Three officials wrote a letter to the committee saying its refusal to cooperate would complicate its ability to investigate rioters, claiming the transcripts are “critical” to its work.

The DOJ previously asked the committee to share transcripts of its witness depositions, but the panel rejected the department’s request as it did not want to share “its product” prematurely.

Almost exactly one month later, the DOJ is again attempting to compel the House committee to share its work.

“It is now readily apparent that the interviews the Select Committee conducted are not just potentially relevant to our overall criminal investigations, but are likely relevant to specific prosecutions that have already commenced,” read its latest letter to the panel.

“Given this overlap, it is critical that the Select Committee provide us with copies of the transcripts of all its witness interviews.”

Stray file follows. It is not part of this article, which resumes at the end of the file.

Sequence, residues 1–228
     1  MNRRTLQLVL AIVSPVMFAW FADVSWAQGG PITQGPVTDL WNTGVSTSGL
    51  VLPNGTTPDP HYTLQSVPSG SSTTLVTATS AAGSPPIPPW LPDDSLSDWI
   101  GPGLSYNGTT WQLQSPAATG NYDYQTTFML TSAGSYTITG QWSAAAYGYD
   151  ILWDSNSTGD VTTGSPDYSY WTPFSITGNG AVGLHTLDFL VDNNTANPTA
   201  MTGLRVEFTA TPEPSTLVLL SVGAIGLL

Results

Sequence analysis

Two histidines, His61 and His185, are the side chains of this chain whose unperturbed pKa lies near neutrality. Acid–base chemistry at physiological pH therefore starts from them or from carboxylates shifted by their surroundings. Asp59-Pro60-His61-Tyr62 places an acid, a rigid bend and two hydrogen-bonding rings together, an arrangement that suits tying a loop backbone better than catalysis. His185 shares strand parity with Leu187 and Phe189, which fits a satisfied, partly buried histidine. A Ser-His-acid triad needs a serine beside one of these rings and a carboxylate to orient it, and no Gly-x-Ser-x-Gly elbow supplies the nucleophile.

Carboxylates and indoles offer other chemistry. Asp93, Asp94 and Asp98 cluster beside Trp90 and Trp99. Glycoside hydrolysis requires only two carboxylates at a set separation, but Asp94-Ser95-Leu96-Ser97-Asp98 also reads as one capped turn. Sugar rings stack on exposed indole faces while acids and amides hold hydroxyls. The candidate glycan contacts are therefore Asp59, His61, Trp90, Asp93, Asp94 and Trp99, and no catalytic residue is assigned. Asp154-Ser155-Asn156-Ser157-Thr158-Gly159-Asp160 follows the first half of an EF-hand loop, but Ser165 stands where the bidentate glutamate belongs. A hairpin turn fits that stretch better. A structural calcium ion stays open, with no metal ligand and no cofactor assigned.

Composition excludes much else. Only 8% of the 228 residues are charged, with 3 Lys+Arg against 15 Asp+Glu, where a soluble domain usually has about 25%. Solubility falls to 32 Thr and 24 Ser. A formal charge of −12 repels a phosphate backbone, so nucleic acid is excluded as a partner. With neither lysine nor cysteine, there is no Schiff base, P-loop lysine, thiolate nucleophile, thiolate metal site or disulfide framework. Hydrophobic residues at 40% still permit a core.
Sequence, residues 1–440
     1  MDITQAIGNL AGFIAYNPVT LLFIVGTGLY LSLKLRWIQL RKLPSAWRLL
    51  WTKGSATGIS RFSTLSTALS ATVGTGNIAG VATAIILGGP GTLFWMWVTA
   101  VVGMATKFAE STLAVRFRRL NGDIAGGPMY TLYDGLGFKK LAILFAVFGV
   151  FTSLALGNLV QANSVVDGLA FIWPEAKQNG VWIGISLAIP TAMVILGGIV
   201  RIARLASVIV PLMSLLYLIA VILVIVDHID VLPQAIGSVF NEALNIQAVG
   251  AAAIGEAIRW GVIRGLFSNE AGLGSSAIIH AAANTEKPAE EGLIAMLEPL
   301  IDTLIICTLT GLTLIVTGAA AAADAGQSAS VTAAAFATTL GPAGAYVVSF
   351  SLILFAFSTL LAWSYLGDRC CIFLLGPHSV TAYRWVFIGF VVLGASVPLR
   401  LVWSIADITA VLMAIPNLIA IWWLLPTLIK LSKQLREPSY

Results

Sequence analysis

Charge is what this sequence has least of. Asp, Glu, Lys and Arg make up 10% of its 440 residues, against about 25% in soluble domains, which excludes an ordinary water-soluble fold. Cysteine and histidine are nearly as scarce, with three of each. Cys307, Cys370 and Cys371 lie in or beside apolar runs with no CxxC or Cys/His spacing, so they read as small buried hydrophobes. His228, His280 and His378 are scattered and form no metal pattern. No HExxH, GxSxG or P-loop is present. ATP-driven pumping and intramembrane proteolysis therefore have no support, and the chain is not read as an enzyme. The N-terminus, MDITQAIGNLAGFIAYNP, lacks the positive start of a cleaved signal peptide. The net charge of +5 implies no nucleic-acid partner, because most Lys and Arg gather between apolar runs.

The letter was signed by Matthew Graves, U.S. attorney for Washington, D.C., Kenneth Polite, assistant attorney general of the DOJ’s Criminal Division, and Matthew Olsen, assistant attorney general for department’s National Security Division, according to NBC News.

The DOJ is asking for all transcripts as its grand jury investigations are not public, so the committee “does not and will not know the identity of all the witnesses who have information relevant to the Department’s ongoing criminal investigations.”

The committee has not issued any comment at this time.

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